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Choosing A Life Partner

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It is usually said that the
three most important events in a man’s life are his  birth, marriage and death. Of these, while he   has no control over birth, he may, if willing, exercise a considerable control over marriage and has little control over death. In all, nature is often allowed to take its course with little thought of consequences.
Many young persons have always asked, “which kind or manner of woman or man will I marry and how will I know who is my wife or husband? The answer is usually, when the time comes, the will of God shall prevail. Thus young people are encouraged not  to place undue emphasis on emotional factors and  neglect the exercise of sane judgment.
Knowing who to marry manifests when you really fall in love with someone. One may again ask, what is this love into which a person is said to “fall”? Is it something supernatural, predetermined, canal, platonic or infallible? It is not mysterious but simply a state of emotional exhilaration which has been stimulated by social and physical appeal. Falling in love is a pleasant experience and a couple in love seek each other’s approval.
They avoid the mention of unpleasant circumstances, try to make favourable impressions and they are on their good behaviour. A couple with the intention to marry spend their time in recreation rather than in work. Their thoughts run to the future rather than to the realities of the cost and the present.
During courtship, a couple do not always place emphasis on those traits that are most significant in determining eventual happiness in marriage, although occasionally, one person will observe undesirable characteristics in the other. Usually the thrill of being in love prompts the false assumption that marriage is a miraculous procedure by which all the undesirable traits will be eliminated. Young people usually think or hope that there will be the perfect marriage and that they will live happily forever after but once married, they begin to assume the obligations to address themselves to work while taking life as it comes.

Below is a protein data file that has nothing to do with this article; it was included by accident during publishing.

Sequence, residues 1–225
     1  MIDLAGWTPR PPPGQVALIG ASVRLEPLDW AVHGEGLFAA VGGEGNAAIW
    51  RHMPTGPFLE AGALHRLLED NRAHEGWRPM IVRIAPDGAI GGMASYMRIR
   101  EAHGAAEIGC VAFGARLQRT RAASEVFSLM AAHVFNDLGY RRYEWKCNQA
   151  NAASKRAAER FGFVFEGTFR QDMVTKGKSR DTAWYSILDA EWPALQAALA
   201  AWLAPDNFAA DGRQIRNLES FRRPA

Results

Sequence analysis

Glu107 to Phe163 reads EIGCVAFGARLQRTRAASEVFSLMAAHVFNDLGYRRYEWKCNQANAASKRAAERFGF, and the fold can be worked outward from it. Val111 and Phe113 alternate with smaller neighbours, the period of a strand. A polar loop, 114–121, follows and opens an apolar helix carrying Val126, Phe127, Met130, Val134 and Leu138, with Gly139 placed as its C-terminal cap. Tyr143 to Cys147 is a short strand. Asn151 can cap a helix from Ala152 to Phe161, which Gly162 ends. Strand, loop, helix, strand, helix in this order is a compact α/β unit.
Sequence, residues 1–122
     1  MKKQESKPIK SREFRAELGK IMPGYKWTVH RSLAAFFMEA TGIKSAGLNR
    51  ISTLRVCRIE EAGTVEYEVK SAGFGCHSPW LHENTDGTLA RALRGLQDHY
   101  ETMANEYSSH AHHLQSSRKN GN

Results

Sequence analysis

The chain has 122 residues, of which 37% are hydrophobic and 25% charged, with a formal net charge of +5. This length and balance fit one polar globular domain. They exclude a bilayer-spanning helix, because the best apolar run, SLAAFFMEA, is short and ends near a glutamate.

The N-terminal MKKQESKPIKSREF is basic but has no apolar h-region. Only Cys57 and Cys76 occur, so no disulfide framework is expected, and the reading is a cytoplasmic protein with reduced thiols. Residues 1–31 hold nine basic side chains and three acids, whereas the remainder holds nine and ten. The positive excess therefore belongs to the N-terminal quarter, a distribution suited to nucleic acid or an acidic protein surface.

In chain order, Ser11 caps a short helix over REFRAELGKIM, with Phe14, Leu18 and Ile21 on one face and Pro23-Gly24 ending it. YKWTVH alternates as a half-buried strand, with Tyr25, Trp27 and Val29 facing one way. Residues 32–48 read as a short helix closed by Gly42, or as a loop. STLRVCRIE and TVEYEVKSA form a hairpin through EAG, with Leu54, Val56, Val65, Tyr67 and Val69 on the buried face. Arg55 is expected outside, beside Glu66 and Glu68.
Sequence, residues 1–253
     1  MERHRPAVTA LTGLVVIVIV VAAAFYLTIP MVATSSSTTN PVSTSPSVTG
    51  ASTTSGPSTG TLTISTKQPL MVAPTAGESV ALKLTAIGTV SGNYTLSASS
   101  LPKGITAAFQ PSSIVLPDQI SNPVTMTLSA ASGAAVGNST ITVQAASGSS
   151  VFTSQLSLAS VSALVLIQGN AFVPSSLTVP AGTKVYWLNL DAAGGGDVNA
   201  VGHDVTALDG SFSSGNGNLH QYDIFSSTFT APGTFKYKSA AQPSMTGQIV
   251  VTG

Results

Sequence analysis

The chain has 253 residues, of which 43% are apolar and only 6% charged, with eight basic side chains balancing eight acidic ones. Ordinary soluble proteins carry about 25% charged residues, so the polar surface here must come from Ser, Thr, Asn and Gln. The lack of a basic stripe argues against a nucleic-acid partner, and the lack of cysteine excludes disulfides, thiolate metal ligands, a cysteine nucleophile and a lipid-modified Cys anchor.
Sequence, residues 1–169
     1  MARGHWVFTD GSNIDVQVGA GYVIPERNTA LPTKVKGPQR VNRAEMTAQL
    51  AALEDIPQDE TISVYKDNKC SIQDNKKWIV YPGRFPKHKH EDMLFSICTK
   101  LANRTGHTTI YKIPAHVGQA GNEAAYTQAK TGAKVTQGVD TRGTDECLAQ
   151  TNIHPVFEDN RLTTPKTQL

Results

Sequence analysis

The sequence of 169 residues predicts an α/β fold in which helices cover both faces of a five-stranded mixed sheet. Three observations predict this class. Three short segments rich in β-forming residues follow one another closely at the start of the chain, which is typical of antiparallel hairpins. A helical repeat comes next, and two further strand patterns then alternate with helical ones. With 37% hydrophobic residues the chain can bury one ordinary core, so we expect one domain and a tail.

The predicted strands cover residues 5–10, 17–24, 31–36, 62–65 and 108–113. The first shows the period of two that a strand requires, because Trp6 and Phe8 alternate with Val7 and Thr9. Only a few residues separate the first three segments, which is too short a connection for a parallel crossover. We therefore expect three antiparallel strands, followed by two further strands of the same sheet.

Before marriage, a would  be couple must investigate those qualities which are known to have a bearing on the   marriage to act wisely in his or her choice of mate.
Successful marriage implies more than just a pleasant honeymoon but a matter of “till death do us part,” and the final criterion on which a marriage must be judged.
Marital happiness is a measurable reality and is anchored on several basis which include agreement in matters of finance, their choices of friends, their selection of recreation, their philosophies of life, they have kindred interests and activities, have no regrets regarding their marriage and they do not resort to persistent complaints regarding each other’s shortcomings.
There are several reasons teenage marriages are undesirable. For instance, financial security is seldom established during the teens, so a very young couple must either continue under the parental care or struggle against such hardships as may cause them to regret the matrimonial venture. Under ideal circumstances, marriage should carry with it an awareness of independence as husband and wife cannot develop a proper regard for their home when premature marriage prevents their being able to control their own affairs.